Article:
by Bryan Washington
Publisher: Riverside Books (October 27, 2020)
Benson and Mike are two young guys who live together in Houston. Mike is a Japanese American chef at a Mexican restaurant and Benson’s a Black day care teacher, and they’ve been together for a few years — good years — but now they’re not sure why they’re still a couple. There’s the sex, sure, and the meals Mike cooks for Benson, and, well, they love each other.
But when Mike finds out his estranged father is dying in Osaka just as his acerbic Japanese mother, Mitsuko, arrives in Texas for a visit, Mike picks up and flies across the world to say goodbye. In Japan he undergoes an extraordinary transformation, discovering the truth about his family and his past. Back home, Mitsuko and Benson are stuck living together as unconventional roommates, an absurd domestic situation that ends up meaning more to each of them than they ever could have predicted. Without Mike’s immediate pull, Benson begins to push outwards, realizing he might just know what he wants out of life and have the goods to get it.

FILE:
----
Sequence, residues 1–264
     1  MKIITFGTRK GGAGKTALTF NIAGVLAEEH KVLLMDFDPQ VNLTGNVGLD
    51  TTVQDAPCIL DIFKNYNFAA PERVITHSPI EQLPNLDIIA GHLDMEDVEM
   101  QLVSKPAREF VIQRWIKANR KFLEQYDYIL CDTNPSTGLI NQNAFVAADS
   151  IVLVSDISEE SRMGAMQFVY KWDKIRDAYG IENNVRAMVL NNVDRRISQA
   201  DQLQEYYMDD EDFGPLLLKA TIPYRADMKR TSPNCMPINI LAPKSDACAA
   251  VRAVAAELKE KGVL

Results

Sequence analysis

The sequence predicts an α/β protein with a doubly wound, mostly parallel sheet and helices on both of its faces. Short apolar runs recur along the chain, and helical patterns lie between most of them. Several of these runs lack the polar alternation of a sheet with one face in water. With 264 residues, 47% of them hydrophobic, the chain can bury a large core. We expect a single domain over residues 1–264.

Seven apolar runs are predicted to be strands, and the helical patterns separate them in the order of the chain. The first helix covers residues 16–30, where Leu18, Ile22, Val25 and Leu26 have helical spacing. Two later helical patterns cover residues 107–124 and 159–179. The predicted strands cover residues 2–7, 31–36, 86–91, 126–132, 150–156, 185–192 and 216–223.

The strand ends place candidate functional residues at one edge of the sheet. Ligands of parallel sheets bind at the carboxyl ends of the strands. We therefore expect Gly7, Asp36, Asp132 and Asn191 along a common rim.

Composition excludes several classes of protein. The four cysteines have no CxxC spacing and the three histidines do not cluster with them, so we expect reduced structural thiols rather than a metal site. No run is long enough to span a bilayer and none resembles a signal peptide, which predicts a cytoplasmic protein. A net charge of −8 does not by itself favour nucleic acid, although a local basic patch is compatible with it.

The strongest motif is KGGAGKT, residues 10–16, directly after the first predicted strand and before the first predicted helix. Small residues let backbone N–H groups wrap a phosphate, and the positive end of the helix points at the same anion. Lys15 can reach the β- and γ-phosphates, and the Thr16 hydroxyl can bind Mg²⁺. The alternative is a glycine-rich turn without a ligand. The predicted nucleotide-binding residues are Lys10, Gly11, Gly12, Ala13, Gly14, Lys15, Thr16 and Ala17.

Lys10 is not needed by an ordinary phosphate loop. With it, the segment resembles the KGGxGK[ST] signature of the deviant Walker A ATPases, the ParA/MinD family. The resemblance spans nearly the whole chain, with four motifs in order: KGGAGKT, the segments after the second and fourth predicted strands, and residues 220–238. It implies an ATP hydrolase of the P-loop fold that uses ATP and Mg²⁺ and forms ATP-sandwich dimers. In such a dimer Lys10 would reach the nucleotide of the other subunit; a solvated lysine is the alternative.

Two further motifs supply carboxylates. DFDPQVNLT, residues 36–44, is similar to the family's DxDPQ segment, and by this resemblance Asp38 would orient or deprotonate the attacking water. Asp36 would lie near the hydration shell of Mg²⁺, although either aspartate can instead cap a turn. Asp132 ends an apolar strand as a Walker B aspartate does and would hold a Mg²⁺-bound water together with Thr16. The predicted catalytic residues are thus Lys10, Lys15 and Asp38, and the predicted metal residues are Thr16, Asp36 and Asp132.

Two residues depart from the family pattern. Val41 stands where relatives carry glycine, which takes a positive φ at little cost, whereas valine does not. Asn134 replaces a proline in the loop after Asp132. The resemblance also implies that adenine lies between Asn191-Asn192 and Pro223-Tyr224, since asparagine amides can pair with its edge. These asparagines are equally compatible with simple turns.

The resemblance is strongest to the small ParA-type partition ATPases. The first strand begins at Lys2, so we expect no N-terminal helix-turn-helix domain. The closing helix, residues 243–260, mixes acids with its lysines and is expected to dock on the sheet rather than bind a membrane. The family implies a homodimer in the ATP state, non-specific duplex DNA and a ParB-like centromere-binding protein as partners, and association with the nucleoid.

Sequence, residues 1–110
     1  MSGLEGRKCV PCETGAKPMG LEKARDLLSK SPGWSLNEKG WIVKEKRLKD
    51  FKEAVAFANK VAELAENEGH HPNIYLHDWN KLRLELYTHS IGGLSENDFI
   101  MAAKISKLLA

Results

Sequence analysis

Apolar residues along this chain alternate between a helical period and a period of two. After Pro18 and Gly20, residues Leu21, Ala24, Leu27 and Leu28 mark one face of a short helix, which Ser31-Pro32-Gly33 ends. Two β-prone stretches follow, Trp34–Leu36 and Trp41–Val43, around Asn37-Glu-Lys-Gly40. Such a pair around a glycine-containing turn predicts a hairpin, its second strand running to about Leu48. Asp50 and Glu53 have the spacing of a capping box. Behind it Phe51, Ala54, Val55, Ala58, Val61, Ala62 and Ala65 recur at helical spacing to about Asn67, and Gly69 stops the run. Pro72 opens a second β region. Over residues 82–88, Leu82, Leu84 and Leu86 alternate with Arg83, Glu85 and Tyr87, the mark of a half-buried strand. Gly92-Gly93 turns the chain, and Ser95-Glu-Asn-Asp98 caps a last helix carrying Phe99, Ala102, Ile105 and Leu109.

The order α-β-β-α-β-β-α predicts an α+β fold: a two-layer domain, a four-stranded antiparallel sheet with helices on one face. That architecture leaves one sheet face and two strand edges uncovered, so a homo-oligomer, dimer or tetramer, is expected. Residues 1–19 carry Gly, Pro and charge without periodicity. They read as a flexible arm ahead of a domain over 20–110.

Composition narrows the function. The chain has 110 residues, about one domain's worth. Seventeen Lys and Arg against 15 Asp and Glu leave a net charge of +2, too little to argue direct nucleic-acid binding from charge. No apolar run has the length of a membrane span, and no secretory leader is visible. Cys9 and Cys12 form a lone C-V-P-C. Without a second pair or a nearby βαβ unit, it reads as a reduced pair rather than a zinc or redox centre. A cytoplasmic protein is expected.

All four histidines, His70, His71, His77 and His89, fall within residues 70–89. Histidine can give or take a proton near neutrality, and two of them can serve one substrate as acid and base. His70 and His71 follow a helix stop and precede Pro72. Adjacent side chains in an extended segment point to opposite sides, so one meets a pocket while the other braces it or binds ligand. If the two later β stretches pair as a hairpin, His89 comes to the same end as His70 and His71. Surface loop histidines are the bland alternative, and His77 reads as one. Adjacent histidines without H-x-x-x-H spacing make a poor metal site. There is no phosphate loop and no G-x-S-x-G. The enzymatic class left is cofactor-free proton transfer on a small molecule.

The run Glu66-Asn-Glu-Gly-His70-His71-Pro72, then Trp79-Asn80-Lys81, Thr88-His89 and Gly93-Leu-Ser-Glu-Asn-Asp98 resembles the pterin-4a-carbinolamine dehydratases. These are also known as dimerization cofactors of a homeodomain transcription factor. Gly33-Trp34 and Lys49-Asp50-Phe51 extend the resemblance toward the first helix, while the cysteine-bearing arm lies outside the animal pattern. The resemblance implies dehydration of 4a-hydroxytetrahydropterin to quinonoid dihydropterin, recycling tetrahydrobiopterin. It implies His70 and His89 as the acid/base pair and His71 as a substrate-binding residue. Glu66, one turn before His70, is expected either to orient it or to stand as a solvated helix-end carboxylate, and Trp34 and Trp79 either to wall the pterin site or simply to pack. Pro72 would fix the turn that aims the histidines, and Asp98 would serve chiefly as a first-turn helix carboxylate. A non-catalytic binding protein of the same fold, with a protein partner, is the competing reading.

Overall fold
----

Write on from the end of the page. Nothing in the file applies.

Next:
Both men will change in ways that will either make them stronger together, or fracture everything they’ve ever known. And just maybe they’ll all be okay in the end. Memorial is a funny and profound story about family in all its strange forms, joyful and hard-won vulnerability, becoming who you’re supposed to be, and the limits of love.
National Book Critics Circle Award Nominee for Fiction (2020), Stonewall Honor Book (2021)
About the author
Bryan Washington is a writer from Houston. His fiction and essays have appeared in numerous print and online publications, including the New York Times, The New Yorker, TIME Magazine, the BBC, Vulture, and The Paris Review, among others. He’s also a National Book Foundation 5 Under 35 winner, a New York Public Library Young Lions Award recipient, an Ernest J. Gaines Award recipient, an International Dylan Thomas Prize recipient, a Lambda Literary Award recipient, and was a finalist among many others. He is currently a Writer-In-Residence at Rice University. The critically acclaimed Memorial was his first novel.